Thanks for this post - lots of good info. I haven't used my Bellman for enough extended periods of time to draw any conclusions (let alone nail my technique), but after having 4 oz of milk literally blown out of the 8 oz pitcher despite all due caution, I tried reducing the flame on stove and also turning off the flame completely and waiting a bit. Once in a while I would get perfect microfoam, but never consistently. I found no difference between 1/2 full and 1/3 full, other than 1/3 full heating up more quickly. If PG&E's next preventive power outages last more than 4 days I'll be forced to practice more. 8)

I'm thinking if your second pitcher of milk is always perfect, why not just open the steam valve for the same amount of time prior to the first, and then let it sit for the same amount of time it would normally take before steaming the next pitcher of milk? Does the heat remain on during this time? If so, how high?

FWIW, my Bellman came with the 2 hole tip. I haven't tried steaming larger quantities of milk, but was thinking this might give better results. But when it's just me I only need 4 oz, and hate the idea of wasting milk just to get better microfoam. How much do you typically steam at a time? I've read every Bellman-related post I could find online and still have more questions than answers.
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Jonk

#8: Post by Jonk »

Curious, I always got beautiful microfoam from my CX25. Would normally steam 5oz/140g, Bellman half full, heated until the PRV started venting and then turning off the heat. This with the two hole tip. Guess it's worth mentioning that I use milk with proteins added for easier foaming though.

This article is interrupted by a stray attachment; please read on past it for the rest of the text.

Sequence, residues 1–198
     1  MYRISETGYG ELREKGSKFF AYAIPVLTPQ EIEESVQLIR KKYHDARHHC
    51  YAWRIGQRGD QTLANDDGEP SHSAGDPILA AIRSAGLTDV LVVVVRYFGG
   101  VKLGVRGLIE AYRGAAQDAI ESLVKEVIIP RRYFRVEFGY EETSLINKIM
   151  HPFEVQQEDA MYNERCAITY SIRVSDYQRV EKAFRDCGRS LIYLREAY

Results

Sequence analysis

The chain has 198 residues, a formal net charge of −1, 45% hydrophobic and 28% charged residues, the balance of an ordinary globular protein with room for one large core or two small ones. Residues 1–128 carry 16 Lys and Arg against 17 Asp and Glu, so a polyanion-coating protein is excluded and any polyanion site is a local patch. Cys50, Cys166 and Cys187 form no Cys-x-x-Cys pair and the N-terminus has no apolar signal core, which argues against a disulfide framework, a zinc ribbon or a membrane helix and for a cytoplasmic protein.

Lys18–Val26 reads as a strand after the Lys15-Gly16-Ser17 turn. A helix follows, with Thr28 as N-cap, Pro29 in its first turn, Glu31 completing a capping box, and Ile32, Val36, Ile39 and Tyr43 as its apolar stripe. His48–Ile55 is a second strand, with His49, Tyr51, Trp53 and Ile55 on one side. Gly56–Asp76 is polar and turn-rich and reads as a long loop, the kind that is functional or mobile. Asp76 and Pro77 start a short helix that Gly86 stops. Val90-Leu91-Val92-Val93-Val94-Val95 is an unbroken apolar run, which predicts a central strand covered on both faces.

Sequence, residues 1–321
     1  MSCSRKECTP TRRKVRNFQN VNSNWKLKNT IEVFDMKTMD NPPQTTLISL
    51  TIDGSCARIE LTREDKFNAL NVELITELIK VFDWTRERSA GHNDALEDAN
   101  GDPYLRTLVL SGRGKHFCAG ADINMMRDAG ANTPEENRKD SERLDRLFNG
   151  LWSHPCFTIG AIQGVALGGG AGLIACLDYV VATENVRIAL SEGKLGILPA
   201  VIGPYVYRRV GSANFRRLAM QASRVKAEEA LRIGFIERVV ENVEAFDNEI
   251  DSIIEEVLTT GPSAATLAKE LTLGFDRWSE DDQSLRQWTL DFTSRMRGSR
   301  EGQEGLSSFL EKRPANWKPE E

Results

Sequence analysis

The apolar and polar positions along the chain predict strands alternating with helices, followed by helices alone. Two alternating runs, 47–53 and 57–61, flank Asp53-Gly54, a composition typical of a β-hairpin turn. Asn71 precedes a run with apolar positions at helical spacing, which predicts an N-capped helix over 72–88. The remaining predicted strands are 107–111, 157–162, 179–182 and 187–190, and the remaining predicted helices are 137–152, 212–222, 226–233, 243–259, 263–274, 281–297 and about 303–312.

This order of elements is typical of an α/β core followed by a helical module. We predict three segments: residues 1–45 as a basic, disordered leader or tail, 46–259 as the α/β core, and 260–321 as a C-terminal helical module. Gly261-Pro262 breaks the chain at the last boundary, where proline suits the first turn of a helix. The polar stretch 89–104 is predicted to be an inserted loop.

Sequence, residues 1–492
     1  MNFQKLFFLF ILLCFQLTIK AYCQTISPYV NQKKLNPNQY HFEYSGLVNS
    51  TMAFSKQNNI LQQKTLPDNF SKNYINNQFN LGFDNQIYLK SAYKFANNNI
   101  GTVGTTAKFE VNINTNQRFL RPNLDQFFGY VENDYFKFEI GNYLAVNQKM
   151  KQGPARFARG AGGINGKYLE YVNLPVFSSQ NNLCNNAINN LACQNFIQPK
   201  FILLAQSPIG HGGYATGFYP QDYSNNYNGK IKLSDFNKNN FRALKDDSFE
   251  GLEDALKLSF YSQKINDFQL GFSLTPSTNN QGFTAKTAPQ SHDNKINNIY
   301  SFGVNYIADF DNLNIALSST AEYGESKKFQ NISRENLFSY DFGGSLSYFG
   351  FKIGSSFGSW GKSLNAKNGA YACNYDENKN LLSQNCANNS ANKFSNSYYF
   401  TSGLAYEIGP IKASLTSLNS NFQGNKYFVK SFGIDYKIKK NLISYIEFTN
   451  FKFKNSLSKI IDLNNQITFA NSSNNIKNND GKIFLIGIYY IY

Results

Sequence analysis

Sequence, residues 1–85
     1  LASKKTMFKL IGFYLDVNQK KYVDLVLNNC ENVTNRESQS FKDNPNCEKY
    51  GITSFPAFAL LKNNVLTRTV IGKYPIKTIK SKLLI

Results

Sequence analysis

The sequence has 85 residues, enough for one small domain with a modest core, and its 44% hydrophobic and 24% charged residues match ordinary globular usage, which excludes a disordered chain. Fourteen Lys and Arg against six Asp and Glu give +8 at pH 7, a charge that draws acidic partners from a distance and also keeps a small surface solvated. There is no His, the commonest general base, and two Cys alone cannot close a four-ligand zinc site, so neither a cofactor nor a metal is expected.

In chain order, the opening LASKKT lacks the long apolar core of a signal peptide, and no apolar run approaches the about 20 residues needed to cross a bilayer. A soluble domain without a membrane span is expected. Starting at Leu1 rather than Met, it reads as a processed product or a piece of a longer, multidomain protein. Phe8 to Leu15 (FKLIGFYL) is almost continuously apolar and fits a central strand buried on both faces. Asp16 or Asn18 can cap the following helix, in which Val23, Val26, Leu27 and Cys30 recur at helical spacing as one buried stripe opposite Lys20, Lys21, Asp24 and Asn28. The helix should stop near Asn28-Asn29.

Super_th

#9: Post by Super_th »

Unfortunately now i have another problem

When I'm heating the milk like the tip is deep in the milk
The milk still rise and rise like im letting air into it but I'm not?!

Now there is no way i can make latte art with this problem foam making is not stopping
Like if there is air coming from the bellman

DaveB

#10: Post by DaveB »

spressomon wrote:I'll have to make a video of the symptom next time I use one of my Bellman steamers. But, and I've been steaming milk for cappas for a long time...just a little background there to establish the basics :D...after either Bellman (CXE25 or CX25 stove top) is heat soaked (1/2 full or less) a couple of big purges of steam and then the first pitcher is just about impossible to get really smooth small cell micro-foam.

But all subsequent pitchers of milk (same pitcher, same milk, same milk starting temp, same milk volume) steam up the way one would expect: Easy & controllable which results in super nice foam for latte art style cappas..
I just might have stumbled upon a Bellman Breakthrough™...

I came across this video today, and on a whim checked out the comments. The one from "StartCodonUST" (currently the newest post) explains how he cools down the wand by inserting into cold water prior to steaming the milk. Read his informative post here:
http://www.youtube.com/watch?v=YBl4ih1hvXw (scroll down to comments)

Then I found another recent post on Reddit, where "Mikeyme1998" wrote:

"This is very common on the Bellman. It pressurizes the air inside the vessel before making steam, and when you open the wand, it injects all that unwanted air into the milk before you get proper steam. Here's my process, after steaming a LOT of milk it is extremely consistent and really amazingly textured.

1. Fill vessel with ONE INCH of water... Seems like too little, but trust me.

2. Turn stovetop heat to max and grind beans/preheat portafilter/watch some YouTube until the pressure relief valve goes off.

3. Position a big mug full of water and BURY that steam wand. Open up the valve and let it rip. There will be lots of bubbles.

4. Once you have a steady flow of steam into your water (there will be no more bubbling at all, just hissing) then turn your valve off and re-pressure at max.

5. Once the safety valve once again goes off, either remove the steam wand or set your stove to low heat (like 3). You're ready to steam!"


(source: https://www.reddit.com/r/Coffee/comment ... eshooting/ )

I made an afternoon cap today using 4oz milk (with the BDB; using Bellman for steam) and put the Bellman's steam wand into water to cool off, but did not open the steam valve (I didn't find the Reddit post till later). I got better results than usual but not especially noteworthy. In the past I have occasionally gotten "great' but no idea why - there seems to be no rhyme or reason. Tomorrow I will try Mikeyme's method, including the 1 inch of water. Stay tuned...